Tomorrow's Challenges
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How reskilling can soften the economic blow of COVID-19

One Swedish success story shows the potential of programs to reskill laid-off workers.

By Professor Albrecht EndersAlbrecht Enders, Lars Häggström and Rafael Lalive

COVID-19 has raised enormous challenges, particularly in terms of redeploying labour to sectors like healthcare and, to differing degrees, education and online retailing.

While retraining is usually complex and time consuming, a unique experiment in Sweden suggests that, in special circumstances, speedier solutions are possible – with potentially far-reaching consequences for training long after the epidemic is over.

A consortium of Swedish private companies and public sector organizations implemented solutions in just weeks. Oscar Stege Unger, a board member at Scandinavian Airlines (SAS), part of the consortium, explained the lead up:

 “We had an extraordinary board meeting on March 14th and decided to temporarily lay off 90% of cabin staff – a huge decision. We realized we would have a large group of people doing close to nothing, and, at the same time, an enormous need in our healthcare systems. As I’d worked with re-skilling before, I thought we could establish a short training program that would prepare them to support nurses and doctors, freeing them up to attend to the most important matters.”

Stege Unger contacted Fredrik Hillelson, CEO at Novare Human Capital, an HR and search company, who then reached out to Johanna Adami, President of Sophiahemmet University, a nursing school in Stockholm.

The three-and-a-half-day training program for assistant nurses they designed was offered to about 1,100 SAS cabin staff who had previously undergone basic medical training and had experience dealing with people in difficult situations.

Hundreds applied. Thirty were selected for the pilot, just two weeks after being laid off. Since then, 300 further attendants and people with equivalent training from other sectors have been primed for healthcare.

The three-day course followed the same curriculum for training assistant nurses, with initial priority given to SAS hourly employees seen as being in greatest need of reskilling. Later, selection resembled that for normal jobs, with a hiring manager defining requirements, applications and selection.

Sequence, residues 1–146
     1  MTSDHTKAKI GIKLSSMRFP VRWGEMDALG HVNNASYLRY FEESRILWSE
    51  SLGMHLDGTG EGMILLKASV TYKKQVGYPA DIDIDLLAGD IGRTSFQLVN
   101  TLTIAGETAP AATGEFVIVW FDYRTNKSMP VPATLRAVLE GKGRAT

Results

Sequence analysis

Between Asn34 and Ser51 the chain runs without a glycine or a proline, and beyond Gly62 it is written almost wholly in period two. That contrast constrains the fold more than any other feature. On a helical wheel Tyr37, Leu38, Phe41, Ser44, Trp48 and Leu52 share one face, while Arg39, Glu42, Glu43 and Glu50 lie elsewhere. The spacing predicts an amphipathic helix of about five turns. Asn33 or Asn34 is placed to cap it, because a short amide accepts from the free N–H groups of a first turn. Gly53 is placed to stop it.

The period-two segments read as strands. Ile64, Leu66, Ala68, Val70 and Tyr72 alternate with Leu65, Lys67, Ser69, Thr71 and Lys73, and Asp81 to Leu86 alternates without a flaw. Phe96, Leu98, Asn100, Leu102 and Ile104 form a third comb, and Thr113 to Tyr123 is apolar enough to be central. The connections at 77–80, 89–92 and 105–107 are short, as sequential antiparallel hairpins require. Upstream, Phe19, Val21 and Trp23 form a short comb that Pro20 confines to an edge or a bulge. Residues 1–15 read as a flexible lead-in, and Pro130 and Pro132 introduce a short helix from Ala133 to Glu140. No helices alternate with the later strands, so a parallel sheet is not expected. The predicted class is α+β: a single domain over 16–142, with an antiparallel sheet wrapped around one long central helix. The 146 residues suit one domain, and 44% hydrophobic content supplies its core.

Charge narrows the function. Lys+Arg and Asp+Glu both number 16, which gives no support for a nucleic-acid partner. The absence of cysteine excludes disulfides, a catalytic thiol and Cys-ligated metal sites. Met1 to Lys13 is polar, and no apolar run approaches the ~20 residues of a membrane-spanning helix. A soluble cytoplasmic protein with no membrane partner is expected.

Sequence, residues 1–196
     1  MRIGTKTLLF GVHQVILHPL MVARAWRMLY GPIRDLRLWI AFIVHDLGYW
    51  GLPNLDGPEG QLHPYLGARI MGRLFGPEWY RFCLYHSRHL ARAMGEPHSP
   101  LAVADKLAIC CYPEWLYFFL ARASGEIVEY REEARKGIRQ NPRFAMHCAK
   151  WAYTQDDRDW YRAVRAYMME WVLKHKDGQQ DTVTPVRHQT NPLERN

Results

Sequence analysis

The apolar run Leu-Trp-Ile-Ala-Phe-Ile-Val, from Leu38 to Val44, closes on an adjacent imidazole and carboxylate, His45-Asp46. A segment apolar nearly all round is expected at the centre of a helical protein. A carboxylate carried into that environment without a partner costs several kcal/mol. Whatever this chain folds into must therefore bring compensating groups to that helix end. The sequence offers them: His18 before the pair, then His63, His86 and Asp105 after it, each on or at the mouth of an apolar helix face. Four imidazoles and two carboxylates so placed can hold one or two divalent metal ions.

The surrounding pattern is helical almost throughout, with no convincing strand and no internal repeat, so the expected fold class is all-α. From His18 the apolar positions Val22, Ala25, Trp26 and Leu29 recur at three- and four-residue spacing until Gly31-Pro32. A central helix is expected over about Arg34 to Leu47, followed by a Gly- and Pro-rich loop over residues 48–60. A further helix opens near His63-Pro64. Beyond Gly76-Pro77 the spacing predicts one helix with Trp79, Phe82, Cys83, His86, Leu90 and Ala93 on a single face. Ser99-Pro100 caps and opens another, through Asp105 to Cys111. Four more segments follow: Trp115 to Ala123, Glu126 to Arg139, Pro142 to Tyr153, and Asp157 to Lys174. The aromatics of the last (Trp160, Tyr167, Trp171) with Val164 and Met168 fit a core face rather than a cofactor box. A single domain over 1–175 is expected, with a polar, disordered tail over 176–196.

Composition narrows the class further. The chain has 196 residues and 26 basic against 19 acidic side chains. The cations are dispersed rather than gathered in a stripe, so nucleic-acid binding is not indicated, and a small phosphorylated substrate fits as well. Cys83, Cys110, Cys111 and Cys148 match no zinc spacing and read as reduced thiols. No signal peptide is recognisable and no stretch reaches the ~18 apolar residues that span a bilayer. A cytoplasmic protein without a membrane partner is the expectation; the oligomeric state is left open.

The positive results prompted extending the project to nursing homes to train another 200 laid-off staff from other companies. Quickly, it became evident Sweden’s needs stretched beyond healthcare, most schools had stayed open, but were struggling with high staff absenteeism. So retraining was extended to schooling.

To date, 60 people from different employers have undergone a three-day fast-track course covering lesson planning, high-level pedagogy and everyday classroom situations. All are now working as administrative support staff in Stockholm schools, allowing overstretched teachers to focus on core tasks.

The schools training was aimed at building basic skills so participants could support teachers, allowing the latter to focus on teaching. Tasks included making early morning classroom preparations, facilitating group work, answering basic questions and the like.

In a further extension, the scheme has been expanded to the forest products sector, involving tasks such as land clearance, planting and tree care.

No special financial or career inducements were required. The attraction was to help and make a difference (notably in healthcare) as well as perhaps the prospect of more stable longer-term employment.

The initiative has turned into a scheme that might last beyond COVID. Just two months after the pilot, rapid re-skilling has become a “standard” offering at Sophiahemmet University.